The kinds of people who interest me the most are the ones who have a definitive, if not completely defiant, sense of style. I’ll be cruising down Mercer St. by New York University and get taken aback by a fabulous creature wearing something I’ve never seen before, or in a way that I’ve never seen. It stands out so much that to an untrained eye it looks like pure narcissism. How can you wear a white latex catsuit, sit in Washington Square Park, and not be a complete and total narcissist?
I am painfully shy. I talk a lot about cocks and sequins and everything, but deep inside I’m just a boy who deals with shyness by disappearing into completely ostentatious clothes. The strange thing is I know how to be “on” when it’s time—I know how to be sarcastic, to make a joke, to perform, to be the life of the party. But when it’s not time, I’m incredibly retracted. All my friends know about my shyness, and they especially know that I don’t do well with unfamiliar people. If I don’t know you, there’s almost no way in hell I’m going to talk to you—and if you talk to me first, I might even come off as bitchy and curt. Unavailable. I’ve been told time and again by people after they got to know me that, “Wow, when we first met I thought you were so arrogant” which, okay, is only a little true. But the reality is that I come across that way for the fear of being judged and belittled.
So what’s a shy person to do? You wear sunglasses! In popular culture, sunglasses get fetishized as a glamorous accessory worn by fabulous people like Jackie Kennedy and Anna Wintour, presumably so that Anna can scoff right in your face, or so that Jackie’s eyes are protected from all the camera flashes popping. But when I wear sunglasses or ridiculous clothes, I’m not just making a fashion statement—I’m disappearing. Fabulous sunglasses and outrageous clothes delete you—people can see you, but you don’t really focus on them virtually rendering them invisible.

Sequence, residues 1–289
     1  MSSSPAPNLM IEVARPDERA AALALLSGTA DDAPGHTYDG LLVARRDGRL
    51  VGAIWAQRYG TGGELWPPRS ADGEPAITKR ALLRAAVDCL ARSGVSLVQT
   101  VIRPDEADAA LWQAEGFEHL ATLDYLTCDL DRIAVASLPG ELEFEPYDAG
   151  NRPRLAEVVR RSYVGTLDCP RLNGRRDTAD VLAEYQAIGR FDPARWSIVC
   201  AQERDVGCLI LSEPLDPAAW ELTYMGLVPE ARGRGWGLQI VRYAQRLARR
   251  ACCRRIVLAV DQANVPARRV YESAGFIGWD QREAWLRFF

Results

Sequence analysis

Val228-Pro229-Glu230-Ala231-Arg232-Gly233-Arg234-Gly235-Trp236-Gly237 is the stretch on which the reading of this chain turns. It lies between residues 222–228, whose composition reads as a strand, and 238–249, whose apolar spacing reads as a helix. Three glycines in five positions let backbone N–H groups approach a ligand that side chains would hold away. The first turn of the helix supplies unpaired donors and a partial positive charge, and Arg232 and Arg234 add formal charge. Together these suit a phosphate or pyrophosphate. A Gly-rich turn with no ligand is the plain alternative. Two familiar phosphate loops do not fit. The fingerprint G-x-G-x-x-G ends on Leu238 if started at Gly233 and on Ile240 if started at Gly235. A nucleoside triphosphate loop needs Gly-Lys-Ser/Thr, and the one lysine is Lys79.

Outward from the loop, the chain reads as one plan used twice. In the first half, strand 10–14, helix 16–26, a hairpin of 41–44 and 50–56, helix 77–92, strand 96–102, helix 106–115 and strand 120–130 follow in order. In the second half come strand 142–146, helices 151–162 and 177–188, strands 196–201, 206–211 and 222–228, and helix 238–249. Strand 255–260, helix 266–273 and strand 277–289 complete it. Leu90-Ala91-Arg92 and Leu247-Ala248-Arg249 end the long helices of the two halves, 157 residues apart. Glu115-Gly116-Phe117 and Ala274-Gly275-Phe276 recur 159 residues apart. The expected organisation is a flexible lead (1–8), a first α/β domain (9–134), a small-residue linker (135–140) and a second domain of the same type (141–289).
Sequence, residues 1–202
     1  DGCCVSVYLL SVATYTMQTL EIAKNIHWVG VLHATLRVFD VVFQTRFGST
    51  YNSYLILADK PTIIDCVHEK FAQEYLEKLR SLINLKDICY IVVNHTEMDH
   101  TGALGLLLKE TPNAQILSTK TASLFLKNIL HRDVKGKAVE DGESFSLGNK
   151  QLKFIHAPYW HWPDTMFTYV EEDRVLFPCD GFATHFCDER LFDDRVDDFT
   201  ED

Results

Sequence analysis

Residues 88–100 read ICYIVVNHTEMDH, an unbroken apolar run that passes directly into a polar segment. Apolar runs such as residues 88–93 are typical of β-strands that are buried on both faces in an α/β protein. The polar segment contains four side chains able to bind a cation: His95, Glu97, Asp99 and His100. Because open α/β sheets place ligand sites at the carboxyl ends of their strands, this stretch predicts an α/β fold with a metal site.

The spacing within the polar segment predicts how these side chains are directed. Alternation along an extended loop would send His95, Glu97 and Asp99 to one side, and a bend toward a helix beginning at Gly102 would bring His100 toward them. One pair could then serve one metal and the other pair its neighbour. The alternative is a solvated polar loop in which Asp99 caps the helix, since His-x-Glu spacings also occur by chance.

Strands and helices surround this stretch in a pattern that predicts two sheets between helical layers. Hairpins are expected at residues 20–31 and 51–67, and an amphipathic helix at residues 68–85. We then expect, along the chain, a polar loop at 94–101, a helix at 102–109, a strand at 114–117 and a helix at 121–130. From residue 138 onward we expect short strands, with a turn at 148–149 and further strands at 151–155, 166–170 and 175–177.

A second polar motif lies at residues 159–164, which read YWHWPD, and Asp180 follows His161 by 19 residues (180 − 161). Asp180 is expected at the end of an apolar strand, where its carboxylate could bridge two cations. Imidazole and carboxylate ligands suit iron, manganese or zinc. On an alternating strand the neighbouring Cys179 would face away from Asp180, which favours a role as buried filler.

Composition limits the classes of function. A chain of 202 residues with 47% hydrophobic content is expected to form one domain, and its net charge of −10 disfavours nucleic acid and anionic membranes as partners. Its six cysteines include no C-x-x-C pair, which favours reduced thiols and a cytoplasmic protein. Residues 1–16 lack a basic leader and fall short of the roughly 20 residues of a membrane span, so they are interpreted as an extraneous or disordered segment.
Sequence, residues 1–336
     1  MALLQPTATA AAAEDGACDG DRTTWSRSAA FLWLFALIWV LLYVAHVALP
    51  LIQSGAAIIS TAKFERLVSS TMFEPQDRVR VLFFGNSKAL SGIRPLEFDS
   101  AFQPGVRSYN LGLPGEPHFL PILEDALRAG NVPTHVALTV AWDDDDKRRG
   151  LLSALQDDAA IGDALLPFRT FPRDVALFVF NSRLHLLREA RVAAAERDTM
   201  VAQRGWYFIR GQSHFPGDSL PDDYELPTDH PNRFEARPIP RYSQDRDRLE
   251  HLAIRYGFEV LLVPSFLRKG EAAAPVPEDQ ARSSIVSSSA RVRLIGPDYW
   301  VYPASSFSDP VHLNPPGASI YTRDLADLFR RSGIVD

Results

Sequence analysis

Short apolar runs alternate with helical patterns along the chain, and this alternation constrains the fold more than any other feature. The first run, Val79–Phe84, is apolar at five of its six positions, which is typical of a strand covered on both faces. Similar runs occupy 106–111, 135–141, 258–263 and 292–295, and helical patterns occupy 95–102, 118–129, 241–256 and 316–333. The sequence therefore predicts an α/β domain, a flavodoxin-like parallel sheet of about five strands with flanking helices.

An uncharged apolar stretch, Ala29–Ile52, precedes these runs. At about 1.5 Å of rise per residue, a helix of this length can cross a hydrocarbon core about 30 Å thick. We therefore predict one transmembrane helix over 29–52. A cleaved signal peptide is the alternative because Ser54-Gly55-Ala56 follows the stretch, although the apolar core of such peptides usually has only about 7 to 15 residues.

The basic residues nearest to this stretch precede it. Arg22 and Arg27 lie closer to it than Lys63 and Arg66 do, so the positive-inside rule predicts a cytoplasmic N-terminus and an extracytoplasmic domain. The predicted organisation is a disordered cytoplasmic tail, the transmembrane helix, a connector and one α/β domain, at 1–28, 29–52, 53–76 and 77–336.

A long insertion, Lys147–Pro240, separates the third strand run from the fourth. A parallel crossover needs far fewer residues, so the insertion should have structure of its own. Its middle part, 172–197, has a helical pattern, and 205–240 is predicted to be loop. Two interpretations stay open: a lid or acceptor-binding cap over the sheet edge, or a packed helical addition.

When you’re a black gay dude who rocks a faux hawk, black PVC pants, sunglasses, and rings on every finger, people stare, okay? I can barely move down the street without somebody calling me a faggot, usually by black men between the ages of 16 and 28. Do you know what it’s like to not be able to leave the house without having somebody verbally insult you? Do you know what it’s like to constantly feel the need to cross the street whenever a group of black boys half your age gets near?
I’ve been dealing with verbal injury for most of my life, and I’m positive that all the many and various ways I’ve been called “faggot” have a lot to do with my disabling shyness. People don’t like the way I dress or they don’t like the way I walk. But rather than change myself to fit some ideal of what I’m supposed to be like, what a black boy is supposed to be, I spit out a giant “fuck you” to everybody before they even have the chance to judge. It’s like I’m programmed to anticipate that You’re Going to Say Something Mean to Me, So I Tune You Out Before You Can Do It. My shyness comes off as arrogance, haughtiness, when actually I’m absolutely terrified and gasping for air.
Lately I’ve been thinking a lot about really outrageous people who describe themselves as painfully shy. A great deal of creative people, actors, actresses, artists, and personalities among them, describe themselves as shy. Daphne Guinness, who I’ve written about before, has said that she is painfully shy, or that she often feels invisible despite the obvious fact that she’s wearing something wacky.
What I want to know is why are creative people so withdrawn? Is it really just all the taunting and teasing? Maybe creative people protect themselves by staying withdrawn, inaccessible because they have so much energy to give and don’t want to hand it over to those who don’t appreciate it. It seems strange to find anonymity in outrageousness, but maybe the outrageousness isn’t really you to begin with. Maybe it’s just a projection—armor, a shield—guarding you against the elements.